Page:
We gonna mimic what we have done using postman, but this time with Arduino, and it’s really easy, just bear with me.

 

POSTING (CREATING) NEW DATA

With simple lines of code you will be able to connect your Arduino to the internet:

1-Add the preprocessor key for the Internet shield library included in OneSheeld library #define INCLUDE_INTERNET_SHIELD.

2-Above the setup function, create your first request object by calling HttpRequest myRequest(“YOUR_URL”).

3-Then in the setup function and with the request object created, we will send the data as raw data using the addRawData(“123”) function, and call Internet.performPost() to post the new values.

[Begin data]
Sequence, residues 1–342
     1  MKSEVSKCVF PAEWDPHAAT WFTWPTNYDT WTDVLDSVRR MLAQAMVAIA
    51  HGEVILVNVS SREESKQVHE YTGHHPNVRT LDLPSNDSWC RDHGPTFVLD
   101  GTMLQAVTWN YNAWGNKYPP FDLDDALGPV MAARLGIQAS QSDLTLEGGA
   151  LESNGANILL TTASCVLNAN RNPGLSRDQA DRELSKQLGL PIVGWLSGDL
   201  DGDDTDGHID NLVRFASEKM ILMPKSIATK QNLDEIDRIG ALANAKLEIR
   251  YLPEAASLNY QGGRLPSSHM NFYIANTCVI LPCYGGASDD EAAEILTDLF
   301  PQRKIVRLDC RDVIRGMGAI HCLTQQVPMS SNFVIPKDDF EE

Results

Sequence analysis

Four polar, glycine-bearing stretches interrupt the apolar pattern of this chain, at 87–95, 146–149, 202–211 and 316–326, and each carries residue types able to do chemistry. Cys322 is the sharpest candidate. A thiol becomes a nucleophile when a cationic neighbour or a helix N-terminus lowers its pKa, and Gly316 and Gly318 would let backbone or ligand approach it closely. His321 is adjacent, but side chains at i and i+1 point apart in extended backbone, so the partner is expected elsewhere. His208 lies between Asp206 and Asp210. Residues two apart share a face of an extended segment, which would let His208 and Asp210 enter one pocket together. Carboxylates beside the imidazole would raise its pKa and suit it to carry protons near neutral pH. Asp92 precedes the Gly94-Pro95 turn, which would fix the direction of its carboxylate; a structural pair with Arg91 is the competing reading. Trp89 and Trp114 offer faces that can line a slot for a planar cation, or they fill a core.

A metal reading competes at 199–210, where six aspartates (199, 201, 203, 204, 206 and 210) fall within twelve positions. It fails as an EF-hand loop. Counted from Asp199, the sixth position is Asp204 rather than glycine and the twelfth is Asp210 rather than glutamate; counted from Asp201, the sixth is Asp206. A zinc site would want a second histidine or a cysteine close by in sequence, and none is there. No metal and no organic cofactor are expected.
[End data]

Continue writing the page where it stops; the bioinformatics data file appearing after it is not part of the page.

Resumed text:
4-Now after successfully uploading the sketch, make sure you’ve switched the UART switch to the communication mode and internet shield is opened and connected to your board, then hit Arduino’s reset button and check the response in the internet shield, it should be returning a json object with the unique ID of the new created value.

 

GETTING DATA

1-With the same HttpRequest created when posting, we will just subscribe to couple of callbacks (there are several ones so please check them in the documentation).

2-Now in our sketch we are interested in the “setOnSuccess(userFunction)” & “setOnJsonResponse(userFunction)”, the setOnSuccess callback is a function which will be invoked once the request is a success, while the setOnJsonResponse callback will be invoked when your json request is processed and returned with your required json’s object value.